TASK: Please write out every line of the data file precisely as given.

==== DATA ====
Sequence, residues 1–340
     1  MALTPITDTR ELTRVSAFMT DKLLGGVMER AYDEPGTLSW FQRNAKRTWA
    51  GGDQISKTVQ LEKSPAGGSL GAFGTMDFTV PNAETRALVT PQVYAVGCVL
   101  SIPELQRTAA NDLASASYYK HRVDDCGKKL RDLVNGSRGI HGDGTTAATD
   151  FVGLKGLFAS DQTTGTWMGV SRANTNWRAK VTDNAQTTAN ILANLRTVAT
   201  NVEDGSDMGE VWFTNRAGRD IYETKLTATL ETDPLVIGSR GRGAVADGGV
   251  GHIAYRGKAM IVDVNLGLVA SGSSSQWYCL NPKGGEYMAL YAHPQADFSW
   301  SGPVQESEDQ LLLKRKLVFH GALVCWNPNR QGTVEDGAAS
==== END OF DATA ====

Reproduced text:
Sequence, residues 1–340
     1  MALTPITDTR ELTRVSAFMT DKLLGGVMER AYDEPGTLSW FQRNAKRTWA
    51  GGDQISKTVQ LEKSPAGGSL GAFGTMDFTV PNAETRALVT PQVYAVGCVL
   101  SIPELQRTAA NDLASASYYK HRVDDCGKKL RDLVNGSRGI HGDGTTAATD
   151  FVGLKGLFAS DQTTGTWMGV SRANTNWRAK VTDNAQTTAN ILANLRTVAT
   201  NVEDGSDMGE VWFTNRAGRD IYETKLTATL ETDPLVIGSR GRGAVADGGV
   251  GHIAYRGKAM IVDVNLGLVA SGSSSQWYCL NPKGGEYMAL YAHPQADFSW
   301  SGPVQESEDQ LLLKRKLVFH GALVCWNPNR QGTVEDGAAS